15. The method of claim 13, wherein the third wireless application service is an short message service, and wherein: receiving additional information to implement the third wireless application service includes receiving selected locations; and wherein using the session context as input to invoke the third wireless application service includes using text message addresses for names at the selected locations.

16. The method of claim 13, wherein the third wireless application service is an email service, and wherein: receiving additional information to implement the third wireless application service includes receiving selected locations; and wherein using the session context as input to invoke the third wireless application service includes using email addresses for names at the selected locations.

17. The method of claim 8, wherein creating a session ID includes creating the session ID using a call control XML application and forwarding the session ID to the first wireless application service;

18. A method for service chaining, comprising: using a software agent (BOT) to retrieve a session context associated with a telephony application from a context repository based on a session identification (ID); and using the BOT to invoke a web service application.

19. The method of claim 18, wherein the method includes: launching a telephony session; using the BOT to create a session identification (ID) through a ccXML application; retrieving the session context based on the session ID; and using the session context as an input to invoke the web service application.

20. The method claim 19, wherein the method includes: launching a push to talk (PTT) telephony session; and using a PTT BOT to create the session ID.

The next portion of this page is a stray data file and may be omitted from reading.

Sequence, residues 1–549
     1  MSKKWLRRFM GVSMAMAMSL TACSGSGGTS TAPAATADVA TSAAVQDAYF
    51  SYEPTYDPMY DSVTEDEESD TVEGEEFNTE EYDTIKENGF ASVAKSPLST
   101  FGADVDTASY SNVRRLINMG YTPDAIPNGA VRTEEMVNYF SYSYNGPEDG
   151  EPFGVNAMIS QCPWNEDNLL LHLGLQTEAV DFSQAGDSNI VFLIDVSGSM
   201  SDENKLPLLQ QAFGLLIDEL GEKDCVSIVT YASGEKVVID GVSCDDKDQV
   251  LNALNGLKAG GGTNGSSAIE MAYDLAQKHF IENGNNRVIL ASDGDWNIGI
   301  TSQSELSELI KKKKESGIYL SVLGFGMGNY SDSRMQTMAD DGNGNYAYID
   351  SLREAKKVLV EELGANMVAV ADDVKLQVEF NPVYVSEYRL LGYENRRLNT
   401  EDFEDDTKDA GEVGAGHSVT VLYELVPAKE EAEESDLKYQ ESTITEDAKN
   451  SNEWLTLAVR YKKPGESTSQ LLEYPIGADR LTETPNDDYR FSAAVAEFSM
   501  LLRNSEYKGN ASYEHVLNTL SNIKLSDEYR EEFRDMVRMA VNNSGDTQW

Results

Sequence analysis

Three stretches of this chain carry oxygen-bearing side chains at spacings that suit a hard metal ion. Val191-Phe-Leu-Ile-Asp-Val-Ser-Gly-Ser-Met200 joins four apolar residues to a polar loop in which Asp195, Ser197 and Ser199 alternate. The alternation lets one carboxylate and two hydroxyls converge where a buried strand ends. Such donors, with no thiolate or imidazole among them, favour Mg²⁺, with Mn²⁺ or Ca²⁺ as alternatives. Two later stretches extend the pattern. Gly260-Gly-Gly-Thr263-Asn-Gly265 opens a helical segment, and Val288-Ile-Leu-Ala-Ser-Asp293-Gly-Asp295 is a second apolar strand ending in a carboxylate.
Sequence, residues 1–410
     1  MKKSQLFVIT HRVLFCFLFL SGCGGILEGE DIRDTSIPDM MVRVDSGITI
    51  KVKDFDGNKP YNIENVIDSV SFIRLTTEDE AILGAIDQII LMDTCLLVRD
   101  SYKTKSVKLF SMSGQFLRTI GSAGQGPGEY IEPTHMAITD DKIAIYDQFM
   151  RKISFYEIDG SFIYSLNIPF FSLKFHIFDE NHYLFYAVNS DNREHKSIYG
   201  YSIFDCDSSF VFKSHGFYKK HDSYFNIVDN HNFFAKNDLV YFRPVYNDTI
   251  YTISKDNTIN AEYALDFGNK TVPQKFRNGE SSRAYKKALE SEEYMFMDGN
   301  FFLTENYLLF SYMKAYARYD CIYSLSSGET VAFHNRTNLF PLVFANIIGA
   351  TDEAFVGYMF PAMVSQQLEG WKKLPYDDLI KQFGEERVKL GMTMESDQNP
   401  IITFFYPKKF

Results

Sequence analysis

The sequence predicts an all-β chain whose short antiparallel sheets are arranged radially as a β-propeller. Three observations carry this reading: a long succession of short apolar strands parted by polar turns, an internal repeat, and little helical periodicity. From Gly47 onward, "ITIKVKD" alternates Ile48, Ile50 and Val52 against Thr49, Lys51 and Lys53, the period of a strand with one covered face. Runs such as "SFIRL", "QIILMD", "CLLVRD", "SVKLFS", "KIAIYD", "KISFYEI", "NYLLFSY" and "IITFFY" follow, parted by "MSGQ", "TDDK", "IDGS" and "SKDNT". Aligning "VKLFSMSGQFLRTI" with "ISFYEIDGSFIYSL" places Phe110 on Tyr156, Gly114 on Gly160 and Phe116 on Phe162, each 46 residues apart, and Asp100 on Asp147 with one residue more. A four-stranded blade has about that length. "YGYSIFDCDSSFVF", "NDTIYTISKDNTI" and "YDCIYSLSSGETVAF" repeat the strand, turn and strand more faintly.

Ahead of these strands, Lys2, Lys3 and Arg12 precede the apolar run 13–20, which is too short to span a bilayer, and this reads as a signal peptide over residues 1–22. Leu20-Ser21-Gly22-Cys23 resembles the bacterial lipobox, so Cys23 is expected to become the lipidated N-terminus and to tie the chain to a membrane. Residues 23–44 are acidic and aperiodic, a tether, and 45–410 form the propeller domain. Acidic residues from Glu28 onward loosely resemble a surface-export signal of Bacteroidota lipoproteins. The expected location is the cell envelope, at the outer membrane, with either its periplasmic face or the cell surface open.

21. The method of claim 19, wherein the method includes: launching an instant messaging (IM) telephony session; and using an IM BOT to create the session ID.

22. The method of claim 18, wherein using the BOT to retrieve the session context includes retrieving parameters associated with the telephony session selected from the group of: a session participant; an address; a presence status; and a phone number.

23. The method of claim 18, wherein the method includes: receiving additional information in association with the web service application; adding the additional information to the session context in the context repository based on the session ID; and using the BOT to retrieve the session context and to invoke another web service application.

24. A computer readable medium having executable instructions stored thereon to cause a device to perform a method for telephony service chaining, comprising: invoking a first service feature of a telephony session; retrieving a first session context associated with the first service feature; using the first session context associated with the first service feature as an input to invoke a second service feature in association with the telephony session.

25. The medium of claim 24, wherein the first and the second service features are atomic applications.

26. The medium of claim 24, wherein invoking the first service feature of the telephony session includes invoking a buddy list service in a push to talk telephony session.

27. The medium of claim 26, wherein the method includes: using a context repository to store a participant of the push to talk telephony session; invoking the second service feature includes invoking a conference service feature using the first session context associated with the first service feature; and maintaining a second session context associated with the conference service feature in the context repository and using the second session context to invoke an SMS message to the participant in the conference service feature.

28. A service chaining system, comprising: an application server having access to a web service; a wireless device with an application to request the web service from the application server over a network; and wherein the application server includes program instructions which are executable to: retrieve a session ID in association with a first application invoked by the wireless device in a telephony session; store session context for the first application based on the session ID in a context repository; and use the session context as an input to invoke a second application in the telephony session.